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Matvey Kraposhin
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Hi, i'm interested in testing my compressible solver. If you will share your case data with me, i can try to run it
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Old   September 18, 2015, 06:29
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Oliver Sebastian Haas
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Originally Posted by mkraposhin View Post
Hi, i'm interested in testing my compressible solver. If you will share your case data with me, i can try to run it

thank you for the answer. Sure I can share my case data with you. However, it is not a realistic case as I'm currently still trying to figure out OpenFOAM, stability, typical errors etc. What kind of solver are you working on?

Below I summarized some points I learned in the past week. These focus mainly on simulation of high pressure gas injection into near vacuum. Hopefully this helps people running into the same problems. Forgive me (and correct me) if I'm wrong. I'm nowhere near my goal in terms of knowledge and results.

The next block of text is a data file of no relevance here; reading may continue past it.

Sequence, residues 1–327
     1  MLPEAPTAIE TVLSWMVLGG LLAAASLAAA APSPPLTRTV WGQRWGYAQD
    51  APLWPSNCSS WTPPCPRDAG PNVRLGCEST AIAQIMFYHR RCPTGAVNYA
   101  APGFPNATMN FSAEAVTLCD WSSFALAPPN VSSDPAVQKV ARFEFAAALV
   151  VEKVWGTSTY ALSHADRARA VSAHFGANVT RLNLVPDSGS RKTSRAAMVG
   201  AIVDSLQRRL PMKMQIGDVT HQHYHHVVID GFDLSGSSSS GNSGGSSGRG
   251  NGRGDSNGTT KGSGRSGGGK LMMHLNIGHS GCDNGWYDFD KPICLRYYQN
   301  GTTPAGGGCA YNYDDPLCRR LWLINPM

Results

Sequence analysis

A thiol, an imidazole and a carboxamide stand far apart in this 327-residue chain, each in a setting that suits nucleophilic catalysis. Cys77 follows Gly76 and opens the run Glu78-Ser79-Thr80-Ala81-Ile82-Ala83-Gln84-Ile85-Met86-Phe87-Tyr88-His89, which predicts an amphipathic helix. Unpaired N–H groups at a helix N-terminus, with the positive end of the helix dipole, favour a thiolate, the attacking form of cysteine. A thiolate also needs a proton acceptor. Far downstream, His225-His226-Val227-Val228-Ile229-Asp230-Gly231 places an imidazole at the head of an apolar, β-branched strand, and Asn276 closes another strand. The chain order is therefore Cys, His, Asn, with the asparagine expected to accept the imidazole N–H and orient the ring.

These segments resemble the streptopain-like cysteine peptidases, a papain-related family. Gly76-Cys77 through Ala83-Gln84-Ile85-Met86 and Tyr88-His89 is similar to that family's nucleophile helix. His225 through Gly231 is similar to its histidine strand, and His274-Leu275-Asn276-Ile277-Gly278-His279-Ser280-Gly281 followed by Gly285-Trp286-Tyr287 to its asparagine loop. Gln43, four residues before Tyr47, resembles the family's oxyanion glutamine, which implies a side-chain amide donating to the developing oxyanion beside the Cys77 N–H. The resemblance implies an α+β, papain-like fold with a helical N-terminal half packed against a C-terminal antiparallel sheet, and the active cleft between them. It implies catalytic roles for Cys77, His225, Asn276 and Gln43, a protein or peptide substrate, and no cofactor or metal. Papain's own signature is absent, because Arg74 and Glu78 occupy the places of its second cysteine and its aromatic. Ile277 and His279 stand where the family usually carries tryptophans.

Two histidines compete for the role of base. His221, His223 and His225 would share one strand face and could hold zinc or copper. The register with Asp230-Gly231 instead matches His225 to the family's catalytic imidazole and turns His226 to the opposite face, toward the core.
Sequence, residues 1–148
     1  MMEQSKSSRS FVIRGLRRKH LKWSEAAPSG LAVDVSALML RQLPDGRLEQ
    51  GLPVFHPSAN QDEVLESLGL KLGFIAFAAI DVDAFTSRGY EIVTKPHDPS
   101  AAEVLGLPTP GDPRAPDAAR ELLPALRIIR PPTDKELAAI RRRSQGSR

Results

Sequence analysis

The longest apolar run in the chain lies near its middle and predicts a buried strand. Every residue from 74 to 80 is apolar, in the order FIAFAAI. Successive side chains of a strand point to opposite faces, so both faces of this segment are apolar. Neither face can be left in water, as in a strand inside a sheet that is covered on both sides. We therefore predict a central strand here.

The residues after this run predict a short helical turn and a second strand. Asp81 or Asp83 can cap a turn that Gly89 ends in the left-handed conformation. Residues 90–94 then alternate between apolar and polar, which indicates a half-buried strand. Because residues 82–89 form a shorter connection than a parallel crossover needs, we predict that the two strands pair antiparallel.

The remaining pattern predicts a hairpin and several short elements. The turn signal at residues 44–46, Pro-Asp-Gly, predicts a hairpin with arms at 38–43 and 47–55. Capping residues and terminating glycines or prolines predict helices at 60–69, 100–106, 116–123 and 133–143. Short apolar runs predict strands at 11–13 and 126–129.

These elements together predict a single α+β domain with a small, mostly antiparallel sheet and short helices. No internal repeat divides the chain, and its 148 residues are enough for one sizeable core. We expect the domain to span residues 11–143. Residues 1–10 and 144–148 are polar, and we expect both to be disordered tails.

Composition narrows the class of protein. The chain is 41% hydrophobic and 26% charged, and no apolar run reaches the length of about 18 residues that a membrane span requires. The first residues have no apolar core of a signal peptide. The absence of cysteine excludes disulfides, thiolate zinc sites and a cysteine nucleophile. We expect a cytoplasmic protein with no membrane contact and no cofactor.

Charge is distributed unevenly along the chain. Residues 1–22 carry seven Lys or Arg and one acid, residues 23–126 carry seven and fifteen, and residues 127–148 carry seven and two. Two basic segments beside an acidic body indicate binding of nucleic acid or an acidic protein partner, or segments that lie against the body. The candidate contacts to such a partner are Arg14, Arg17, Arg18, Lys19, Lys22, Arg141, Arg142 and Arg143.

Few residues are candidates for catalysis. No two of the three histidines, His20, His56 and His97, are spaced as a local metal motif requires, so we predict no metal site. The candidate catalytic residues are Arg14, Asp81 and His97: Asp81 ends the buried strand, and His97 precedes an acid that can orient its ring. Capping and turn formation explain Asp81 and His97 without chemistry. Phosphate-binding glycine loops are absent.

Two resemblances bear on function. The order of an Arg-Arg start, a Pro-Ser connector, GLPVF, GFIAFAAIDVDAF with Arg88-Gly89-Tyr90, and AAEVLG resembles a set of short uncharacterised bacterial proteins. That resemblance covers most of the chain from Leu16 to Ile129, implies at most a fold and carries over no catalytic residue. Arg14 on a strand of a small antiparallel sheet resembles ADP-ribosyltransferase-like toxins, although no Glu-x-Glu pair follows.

• Can't reproduce the error I got above. So forget it...
  • A good book for CFD is Ferziger J.H., Peric M.: Computational methods for fluid dynamics. It's not perfect but up to now the most helpful on the basics. But I wish there was a book which gave some basic guidelines which methods to use ("When you have problem X, try ansatz Y first because ..." "If instability occurs due to A, try B to do C because ...").
  • Crashes in my runs are usually due to pressures/densities < 0 which show as "FOAM FATAL ERROR: Maximum number of iterations exceeded" of thermoI.H. This is caused by high pressure/density gradients in shocks and the pressure then "undershooting" in the low pressure region.
  • Simulations can quite easily be made stable when using "upwind" schemes everywhere, even with turbulence models. However, this is very dissipative ("diffusive", "washed out" you might call it) so results are not so nice.
  • I tried a lot of better schemes (TVD, etc.). The only one not crashing beside "upwind" is "limitedLinear 1" (1 can be usually smaller than 1, but not close to 0). This produces "shaper" results. Not sure what "limitedlinear" actually does different to all other schemes so it's not getting p<0 even though it's TVD as well.
  • For sonicFoam try using higher nCorrectors (3 or 4). Often helps a lot against crashes.
  • Increasing mesh and temporal resolution (beyond something like Co = 0.5) often has only minor effects. However, this might be a wrong for even higher resolutions than I tried, but my "best" 2D simulation takes already a night.
  • Ramping inlet pressure helps sometimes against crashes (-> lower gradients).